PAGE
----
Patrick McEvoy-Halston Laura-Jean Kelly Okay. Done.

Ellen Geller I don't agree. It is a great movie.

Elizabeth Blakeslee Ann Hornaday, Washington Post Film Critic, makes an excellent case for the theatrer making the showing of GWTW part of a series of films showing other looks at the period and slavery.

Do we remove them? Or put them in a proper context?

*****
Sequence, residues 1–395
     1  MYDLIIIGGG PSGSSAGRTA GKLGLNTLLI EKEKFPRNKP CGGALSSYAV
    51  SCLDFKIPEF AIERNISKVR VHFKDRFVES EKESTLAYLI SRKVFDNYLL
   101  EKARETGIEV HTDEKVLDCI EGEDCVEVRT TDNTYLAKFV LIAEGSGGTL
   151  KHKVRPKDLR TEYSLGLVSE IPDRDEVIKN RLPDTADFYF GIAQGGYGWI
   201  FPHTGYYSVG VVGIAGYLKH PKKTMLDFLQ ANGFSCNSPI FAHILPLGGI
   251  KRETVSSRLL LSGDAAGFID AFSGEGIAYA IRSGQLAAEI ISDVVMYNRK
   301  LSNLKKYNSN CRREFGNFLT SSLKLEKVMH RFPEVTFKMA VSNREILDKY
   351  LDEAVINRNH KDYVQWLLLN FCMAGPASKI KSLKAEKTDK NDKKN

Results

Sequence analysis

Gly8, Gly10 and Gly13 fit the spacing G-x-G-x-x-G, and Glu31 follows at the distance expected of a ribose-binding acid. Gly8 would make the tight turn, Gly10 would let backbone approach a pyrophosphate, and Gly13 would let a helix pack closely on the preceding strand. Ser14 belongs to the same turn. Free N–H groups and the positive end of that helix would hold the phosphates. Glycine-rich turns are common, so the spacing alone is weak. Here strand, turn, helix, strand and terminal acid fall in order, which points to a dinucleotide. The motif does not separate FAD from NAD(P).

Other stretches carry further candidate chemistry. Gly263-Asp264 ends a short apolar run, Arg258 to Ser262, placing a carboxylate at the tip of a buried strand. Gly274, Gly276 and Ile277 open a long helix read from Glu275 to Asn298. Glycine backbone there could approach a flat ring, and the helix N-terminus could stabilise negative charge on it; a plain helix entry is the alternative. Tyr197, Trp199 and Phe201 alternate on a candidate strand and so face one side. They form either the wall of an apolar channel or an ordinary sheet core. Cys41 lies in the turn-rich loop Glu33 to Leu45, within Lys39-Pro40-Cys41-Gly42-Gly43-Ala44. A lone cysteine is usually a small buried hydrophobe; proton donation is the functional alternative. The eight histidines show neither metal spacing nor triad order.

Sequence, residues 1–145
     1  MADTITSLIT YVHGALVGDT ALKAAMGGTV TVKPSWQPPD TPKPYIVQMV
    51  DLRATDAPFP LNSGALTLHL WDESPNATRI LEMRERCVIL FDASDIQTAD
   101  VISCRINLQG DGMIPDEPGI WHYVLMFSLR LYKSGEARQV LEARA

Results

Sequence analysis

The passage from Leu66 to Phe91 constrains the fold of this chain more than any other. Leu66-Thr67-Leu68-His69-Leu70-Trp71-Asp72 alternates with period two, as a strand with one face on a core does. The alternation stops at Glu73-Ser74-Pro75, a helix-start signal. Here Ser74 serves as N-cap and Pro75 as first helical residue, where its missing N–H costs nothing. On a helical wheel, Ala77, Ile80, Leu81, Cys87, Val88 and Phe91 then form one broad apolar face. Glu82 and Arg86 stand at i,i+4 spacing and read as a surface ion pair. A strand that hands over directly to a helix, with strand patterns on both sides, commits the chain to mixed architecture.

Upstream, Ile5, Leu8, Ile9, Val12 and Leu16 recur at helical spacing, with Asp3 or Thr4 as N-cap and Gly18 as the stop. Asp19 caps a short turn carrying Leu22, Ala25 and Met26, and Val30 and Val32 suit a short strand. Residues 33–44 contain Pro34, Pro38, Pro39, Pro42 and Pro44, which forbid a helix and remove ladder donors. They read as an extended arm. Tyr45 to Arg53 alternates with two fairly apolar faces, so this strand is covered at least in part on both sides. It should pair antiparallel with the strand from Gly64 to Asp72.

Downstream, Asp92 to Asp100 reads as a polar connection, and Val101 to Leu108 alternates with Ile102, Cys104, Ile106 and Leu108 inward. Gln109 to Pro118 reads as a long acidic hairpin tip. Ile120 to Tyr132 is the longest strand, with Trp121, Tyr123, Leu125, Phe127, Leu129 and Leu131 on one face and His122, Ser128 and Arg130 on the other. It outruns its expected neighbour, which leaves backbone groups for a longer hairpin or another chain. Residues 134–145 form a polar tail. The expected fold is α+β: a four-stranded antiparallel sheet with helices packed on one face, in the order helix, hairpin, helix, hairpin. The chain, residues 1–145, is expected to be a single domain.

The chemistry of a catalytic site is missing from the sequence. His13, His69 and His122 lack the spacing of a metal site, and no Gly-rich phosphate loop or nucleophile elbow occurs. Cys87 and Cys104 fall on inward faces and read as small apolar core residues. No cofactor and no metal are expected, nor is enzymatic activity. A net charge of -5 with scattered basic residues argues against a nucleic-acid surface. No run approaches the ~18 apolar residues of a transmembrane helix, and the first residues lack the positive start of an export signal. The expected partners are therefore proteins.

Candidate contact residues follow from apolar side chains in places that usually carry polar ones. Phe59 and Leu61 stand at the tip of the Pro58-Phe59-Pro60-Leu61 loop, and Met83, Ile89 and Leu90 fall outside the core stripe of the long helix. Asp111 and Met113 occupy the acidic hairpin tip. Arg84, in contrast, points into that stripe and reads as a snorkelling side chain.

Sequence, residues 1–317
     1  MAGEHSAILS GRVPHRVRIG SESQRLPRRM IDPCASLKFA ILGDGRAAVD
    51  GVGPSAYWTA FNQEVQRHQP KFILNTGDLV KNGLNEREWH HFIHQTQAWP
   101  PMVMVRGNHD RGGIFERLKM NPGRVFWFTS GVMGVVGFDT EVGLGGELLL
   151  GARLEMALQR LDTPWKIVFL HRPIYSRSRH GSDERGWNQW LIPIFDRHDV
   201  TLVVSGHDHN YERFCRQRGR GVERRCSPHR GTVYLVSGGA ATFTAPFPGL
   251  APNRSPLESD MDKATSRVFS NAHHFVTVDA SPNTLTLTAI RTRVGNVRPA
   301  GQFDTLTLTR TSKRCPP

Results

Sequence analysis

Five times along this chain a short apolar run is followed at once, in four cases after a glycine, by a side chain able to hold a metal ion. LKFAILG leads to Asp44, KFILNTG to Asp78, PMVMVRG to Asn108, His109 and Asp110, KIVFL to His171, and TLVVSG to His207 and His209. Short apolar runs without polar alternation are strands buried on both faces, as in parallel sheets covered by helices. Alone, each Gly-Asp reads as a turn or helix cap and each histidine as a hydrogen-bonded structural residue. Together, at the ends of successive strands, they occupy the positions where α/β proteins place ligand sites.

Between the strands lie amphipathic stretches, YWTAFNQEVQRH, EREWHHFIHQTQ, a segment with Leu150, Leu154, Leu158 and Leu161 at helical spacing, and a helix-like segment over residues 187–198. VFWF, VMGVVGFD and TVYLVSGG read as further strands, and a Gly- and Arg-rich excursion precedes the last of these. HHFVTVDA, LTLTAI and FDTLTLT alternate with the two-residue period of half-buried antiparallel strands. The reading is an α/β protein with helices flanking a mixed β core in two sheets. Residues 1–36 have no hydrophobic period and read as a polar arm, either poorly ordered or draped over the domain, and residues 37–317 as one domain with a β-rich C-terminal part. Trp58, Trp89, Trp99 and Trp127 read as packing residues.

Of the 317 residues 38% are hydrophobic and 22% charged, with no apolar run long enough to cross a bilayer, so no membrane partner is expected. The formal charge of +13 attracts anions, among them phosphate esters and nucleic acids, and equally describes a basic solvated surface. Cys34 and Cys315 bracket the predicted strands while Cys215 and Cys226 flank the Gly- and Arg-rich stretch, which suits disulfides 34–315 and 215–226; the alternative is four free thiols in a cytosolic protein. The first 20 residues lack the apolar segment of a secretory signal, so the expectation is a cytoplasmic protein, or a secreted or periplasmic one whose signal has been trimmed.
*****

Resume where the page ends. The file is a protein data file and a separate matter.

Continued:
Patrick McEvoy-Halston What I'd like to read from an article is a willingness TO ban things outright, if the situation called for it... a lack of trepidation to cast off, if called for. If I don't sense this within a reviewer then I'm never sure whether when they say they'recontextualing and offering an adult, mature response, if what they're actually doing is working around what they're psychologically unprepared for: a good argument for making much of what they've been attracted to and felt social esteem in having mastered, suddenly be rendered useless. (I think perhaps also I sense people sensing we're all being drawn into a vortex, and hoping to keep their Obama years of tiptoeing around the edge kept going as long as possible, for it's the environment in which they've lived well and prospered.) I've read my Milton and registered its art, but also read critiques by some who've done so and decided... the art doesn't balance out the abhorent... cast aside, now, and felt there was nothing ill-considered and immature about their response. What I like about Frederick Crews's new book about Freud is for example that I sense this willingness... no fear in surveying the life of someone considered great, and whom he spent years in mastering, saying, "no, if you picked up Freud and knew immediately there was something fraudulent about him, despite your ignorance you're a step ahead of where I was most of my life... and I'm glad you weren't waylaid by his considerable art in thinking and writing." I say this myself AS a Freudian... but also as someone who senses and respects personal strength, rather than (perhaps?) playing to widespread conventions of what "mature" behaviour is--let's negotiate, not cast aside; let's show the bad so we know it within ourselves -- to keep your own well-situated societal hoist intact. (Would honesty with ourselves ever mean being honest about how apparently little daring is required these days for a lot of people like this reviewer to explore the troubled legacies of times past? What would be harder for her: knowing even more about how awful slavery was, or admitting that there have been times when professions that were full of esteem were cast-off rather abruptly, and art history could become one of them, and rightly, for it being about tethering oneself, finding oneself within, regressive times? [I'm also left to wonder how many people who supposedly are arguing for awareness of their own conflicted nature, have ever felt their way into Hitler and found correspondance... or do they just do what's couth) If the new temperament is to abolish and never turn back, rather than mature-minded they will be made to seem passé, temperamentally rigid, panicky at change, implastic.